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  1. Tye on Acquaintance and the Problem of Consciousness. [REVIEW]Tim Crane - 2012 - Philosophy and Phenomenological Research 84 (1):190-198.
    Michael Tye’s book has two main themes: (i) the rejection of the ‘phenomenal concept strategy’ as a solution to the problems of consciousness for physicalism, and (ii) a new proposed solution to these problems which appeals to Russell’s (1910–11) distinction between knowledge by acquaintance and knowledge by description. Interweaved between these two main themes are a number of radical new claims about perceptual consciousness, including a defence of a sort of disjunctivism about perceptual content and an interesting account of the (...)
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  2. Excellent Beauty: The Naturalness of Religion and the Unnaturalness of the World.Eric Dietrich - 2015 - Cambridge University Press.
    Flipping convention on its head, Eric Dietrich argues that science uncovers awe-inspiring, enduring mysteries, while religion, regarded as the source for such mysteries, is a biological phenomenon. Just like spoken language, Dietrich shows that religion is an evolutionary adaptation. Science is the source of perplexing yet beautiful mysteries, however natural the search for answers may be to human existence. _Excellent Beauty_ undoes our misconception of scientific inquiry as an executioner of beauty, making the case that science has won the battle (...)
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  3. Memory as Acquaintance with the Past: Some Lessons From Russell, 1912-1914.Paulo Faria - 2010 - Kriterion: Revista de Filosofia 51 (121):149-172.
    Russell’s theory of memory as acquaintance with the past seems to square uneasily with his definition of acquaintance as the converse of the relation of presentation of an object to a subject. We show how the two views can be made to cohere under a suitable construal of ‘presentation’, which has the additional appeal of bringing Russell’s theory of memory closer to contemporary views on direct reference and object-dependent thinking than is usually acknowledged. The drawback is that memory as acquaintance (...)
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  4. Renewed Acquaintance.Brie Gertler - 2012 - In Declan Smithies & Daniel Stoljar (eds.), Introspection and Consciousness. Oxford University Press. pp. 89-123.
    I elaborate and defend a set of metaphysical and epistemic claims that comprise what I call the acquaintance approach to introspective knowledge of the phenomenal qualities of experience. The hallmark of this approach is the thesis that, in some introspective judgments about experience, (phenomenal) reality intersects with the epistemic, that is, with the subject’s grasp of that reality. In Section 1 of the paper I outline the acquaintance approach by drawing on its Russellian lineage. A more detailed picture of the (...)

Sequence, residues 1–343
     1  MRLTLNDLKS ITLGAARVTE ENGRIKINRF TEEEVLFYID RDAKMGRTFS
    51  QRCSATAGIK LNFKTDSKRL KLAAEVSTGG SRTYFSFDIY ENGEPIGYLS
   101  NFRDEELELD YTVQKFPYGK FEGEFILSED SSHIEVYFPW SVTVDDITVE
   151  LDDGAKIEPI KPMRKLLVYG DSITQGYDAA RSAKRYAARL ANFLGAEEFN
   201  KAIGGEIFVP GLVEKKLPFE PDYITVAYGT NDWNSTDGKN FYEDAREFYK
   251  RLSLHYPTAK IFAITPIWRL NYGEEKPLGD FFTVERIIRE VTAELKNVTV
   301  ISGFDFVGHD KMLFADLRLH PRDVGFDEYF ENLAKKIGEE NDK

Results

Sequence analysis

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  5. Outline of a Logic of Knowledge of Acquaintance.Samuele Iaquinto & Giuseppe Spolaore - forthcoming - Analysis:any005.
    The verb ‘to know’ can be used both in ascriptions of propositional knowledge (e.g., ‘Mary knows that Smith smokes’) and ascriptions of knowledge of acquaintance (e.g., ‘Mary knows Smith’). In the formal epistemology literature, the former use of ‘know’ has attracted considerable attention, while the latter is typically (dis)regarded as derivative. This attitude may be unsatisfactory for those philosophers who, like Russell, are not willing to think of knowledge of acquaintance as a subsidiary or dependent kind of knowledge. In this (...)
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  6. Phenomenal Concepts and the Problem of Acquaintance.Paul Livingston - 2013 - Journal of Consciousness Studies 20 (5-6):5 - 6.
    Some contemporary discussion about the explanation of consciousness substantially recapitulates a decisive debate about reference, knowledge and justification from an earlier stage of the analytic tradition. In particular, I argue that proponents of a recently popular strategy for accounting for an explanatory gap between physical and phenomenal facts – the so-called “phenomenal concept strategy” – face a problem that was originally fiercely debated by Schlick, Carnap, and Neurath. The question that is common to both the older and the contemporary discussion (...)
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  7. Singular Reference Without Singular Thought.Filipe Martone - 2016 - Manuscrito 39 (1):33-60.
    In this paper I challenge the widespread assumption that the conditions for singular reference are more or less the same as the conditions for singular thought. I claim that we refer singularly to things without thinking singularly about them more often than it is usually believed. I first argue that we should take the idea that singular thought is non-descriptive thought very seriously. If we do that, it seems that we cannot be so liberal about what counts as acquaintance; only (...)
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  8. The History or Russell's Concepts 'Sense-Data' and 'Knowledge by Acquaintance'.Nikolay Milkov - 2001 - Archiv Fuer Begriffsgeschichte 43:221-231.
    Two concepts of utmost importance for the analytic philosophy of the twentieth century, “sense-data” and “knowledge by acquaintance”, were introduced by Bertrand Russell under the influence of two idealist philosophers: F. H. Bradley and Alexius Meinong. This paper traces the exact history of their introduction. We shall see that between 1896 and 1898, Russell had a fully-elaborated theory of “sense-data”, which he abandoned after his analytic turn of the summer of 1898. Furthermore, following a subsequent turn of August 1900—-after he (...)